Tribute to Tashi Rabgais

Nawang Tsering Shakspo
Tashi Rabgias was born in 1927 in Sakti village situated at the distance of 50 kms from Leh. He obtained his basic education from Primary School Chemde, located 7 kms from his home. He then moved to Leh to pursue further studies. Tashi was a brilliant student and his parents sent him to Kashmir for higher education. To get there, he walked all the way from Leh to Srinagar, which took him several days. Upon arriving Srinagar, Tashi Rabgias obtained admission in Sri Pratap College, popularly known as S.P. College, Srinagar. There, he studied up to the graduation level. I vividly remember that Tashi Rabgias used to talk about the scholarship of Pandit Shridhar Kaul, the person who in his service career in 1949-50’s served the Education Department of the Government as the Inspector of School, Ladakh. He said that Pandit Dullu was not only a kind person to him but at the same time his mentor and he had achieved so much in his lifetime because of his good guidance.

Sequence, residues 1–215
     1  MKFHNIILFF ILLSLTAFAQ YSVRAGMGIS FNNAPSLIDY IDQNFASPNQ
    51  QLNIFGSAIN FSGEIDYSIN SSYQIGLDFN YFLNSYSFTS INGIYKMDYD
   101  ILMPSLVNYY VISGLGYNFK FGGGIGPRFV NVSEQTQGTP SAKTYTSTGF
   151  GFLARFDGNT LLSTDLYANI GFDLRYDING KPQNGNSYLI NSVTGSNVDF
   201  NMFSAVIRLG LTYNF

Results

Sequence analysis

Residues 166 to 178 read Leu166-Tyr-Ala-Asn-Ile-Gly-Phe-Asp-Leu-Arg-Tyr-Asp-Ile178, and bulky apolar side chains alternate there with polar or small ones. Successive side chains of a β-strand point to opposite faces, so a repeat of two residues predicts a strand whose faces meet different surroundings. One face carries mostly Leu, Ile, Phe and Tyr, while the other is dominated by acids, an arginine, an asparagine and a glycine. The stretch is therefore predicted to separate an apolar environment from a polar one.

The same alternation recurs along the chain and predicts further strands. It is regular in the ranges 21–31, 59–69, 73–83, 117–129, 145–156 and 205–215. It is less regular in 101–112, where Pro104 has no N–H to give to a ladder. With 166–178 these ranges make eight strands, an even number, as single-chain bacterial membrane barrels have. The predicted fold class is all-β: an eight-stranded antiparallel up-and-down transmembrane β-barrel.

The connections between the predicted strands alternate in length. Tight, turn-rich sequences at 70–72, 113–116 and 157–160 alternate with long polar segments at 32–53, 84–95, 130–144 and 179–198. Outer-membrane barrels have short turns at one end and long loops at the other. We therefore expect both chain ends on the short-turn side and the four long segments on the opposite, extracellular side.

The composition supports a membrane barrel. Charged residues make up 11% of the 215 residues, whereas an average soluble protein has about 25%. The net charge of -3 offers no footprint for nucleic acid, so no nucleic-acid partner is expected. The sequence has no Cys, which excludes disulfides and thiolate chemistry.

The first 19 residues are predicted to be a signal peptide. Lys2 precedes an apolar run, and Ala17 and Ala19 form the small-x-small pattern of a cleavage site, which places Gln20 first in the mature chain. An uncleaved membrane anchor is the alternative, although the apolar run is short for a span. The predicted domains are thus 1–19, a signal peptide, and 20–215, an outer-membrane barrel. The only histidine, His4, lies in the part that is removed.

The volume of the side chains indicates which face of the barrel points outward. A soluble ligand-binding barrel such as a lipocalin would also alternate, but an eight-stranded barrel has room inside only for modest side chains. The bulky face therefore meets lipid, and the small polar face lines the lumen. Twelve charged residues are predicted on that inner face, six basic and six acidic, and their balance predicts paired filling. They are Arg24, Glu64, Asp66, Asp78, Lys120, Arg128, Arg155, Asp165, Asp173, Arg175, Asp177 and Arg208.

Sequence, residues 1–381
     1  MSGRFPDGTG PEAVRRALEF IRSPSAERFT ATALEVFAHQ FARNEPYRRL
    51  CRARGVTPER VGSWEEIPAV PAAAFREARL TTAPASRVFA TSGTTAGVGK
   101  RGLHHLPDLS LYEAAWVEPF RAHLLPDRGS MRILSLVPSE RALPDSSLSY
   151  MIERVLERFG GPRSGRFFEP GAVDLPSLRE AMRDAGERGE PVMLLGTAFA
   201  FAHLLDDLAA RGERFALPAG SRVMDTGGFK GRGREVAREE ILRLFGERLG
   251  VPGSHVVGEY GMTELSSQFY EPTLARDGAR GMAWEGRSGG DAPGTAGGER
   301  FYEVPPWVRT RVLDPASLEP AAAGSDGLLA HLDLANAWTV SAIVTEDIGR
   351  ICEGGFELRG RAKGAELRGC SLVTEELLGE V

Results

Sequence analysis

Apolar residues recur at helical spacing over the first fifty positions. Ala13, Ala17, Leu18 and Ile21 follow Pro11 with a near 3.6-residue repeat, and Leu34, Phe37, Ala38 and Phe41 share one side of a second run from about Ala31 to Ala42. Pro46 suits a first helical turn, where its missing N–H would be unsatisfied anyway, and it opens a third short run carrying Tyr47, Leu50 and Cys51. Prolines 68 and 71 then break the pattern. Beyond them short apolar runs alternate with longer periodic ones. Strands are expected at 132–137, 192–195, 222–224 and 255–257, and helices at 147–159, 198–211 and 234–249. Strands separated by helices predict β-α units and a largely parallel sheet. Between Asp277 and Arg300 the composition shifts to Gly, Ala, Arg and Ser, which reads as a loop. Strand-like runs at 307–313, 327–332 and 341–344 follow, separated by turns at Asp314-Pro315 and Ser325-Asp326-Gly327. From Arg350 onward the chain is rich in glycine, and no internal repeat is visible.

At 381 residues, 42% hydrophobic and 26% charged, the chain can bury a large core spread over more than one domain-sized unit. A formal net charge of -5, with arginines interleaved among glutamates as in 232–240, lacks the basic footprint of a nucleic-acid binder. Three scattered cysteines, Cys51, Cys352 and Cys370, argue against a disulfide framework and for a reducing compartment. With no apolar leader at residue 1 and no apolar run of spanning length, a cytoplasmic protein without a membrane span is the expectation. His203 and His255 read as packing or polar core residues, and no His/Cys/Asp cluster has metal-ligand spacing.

At that time Kushok Bakula was the lone member from Ladakh in the Jammu and Kashmir Legislative Assembly. Kushok Bakula appointed the young and energetic Tashi Rabgias to be his Private Assistant around 1950. He remained in the position for about four years. In 1954, Tashi availed himself of the opportunity to accompany Kushok Bakula to the conference of the World Fellowship of Buddhists in Rangoon. The other important participant in the Buddhist conference from India was Dr. Bhimrao Ambedkar, the architect of the Indian Constitution. Tashi told that at one point he spoke to Dr. Ambedkar, who asked him where he was from. When Tashi responded that he was from Ladakh, Dr. Ambedkar responded by recommending that he learn English. Tashi would frequently speak about Kachen Eshey Tundup, a Ladakhi scholar who did a commendable job in revitalizing the Ladakhi culture and customs. Tashi used to refer to Kachen as his spiritual master. During the celebration of the 2500-year Buddha Jayanti by the Government of India in 1956, His Holiness the Dalai Lama and His Holiness the Panchen Lama visited India and attended the celebrations at many Buddhist holy places in India. At that time, Tashi acted as the translator for the Panchen Lama, translating his speeches into English. Tashi was honoured by His Holiness, who granted him some token money and a scarf. Around the same time Tsahi also visited Tibet. In Lhasa, he met scholars such as Geshe Chostak, one of the first compilers of a Dictionary in the Tibetan language. There is no doubt that Tashi was an eminent Ladakhi scholar, historian, philosopher, poet and singer, and a Buddhist scholar of repute who dominated the cultural and literary scene of the region for more than half a century.